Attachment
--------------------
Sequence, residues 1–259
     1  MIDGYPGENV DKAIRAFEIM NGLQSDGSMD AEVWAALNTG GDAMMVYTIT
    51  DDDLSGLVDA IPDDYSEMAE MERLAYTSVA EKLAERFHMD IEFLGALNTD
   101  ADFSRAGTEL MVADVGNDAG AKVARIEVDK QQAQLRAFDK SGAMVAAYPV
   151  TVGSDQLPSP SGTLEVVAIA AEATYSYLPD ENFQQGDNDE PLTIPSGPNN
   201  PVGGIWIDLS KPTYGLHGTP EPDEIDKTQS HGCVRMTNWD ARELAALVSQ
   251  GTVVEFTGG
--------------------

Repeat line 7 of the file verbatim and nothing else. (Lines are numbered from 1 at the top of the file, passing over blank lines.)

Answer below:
   251  GTVVEFTGG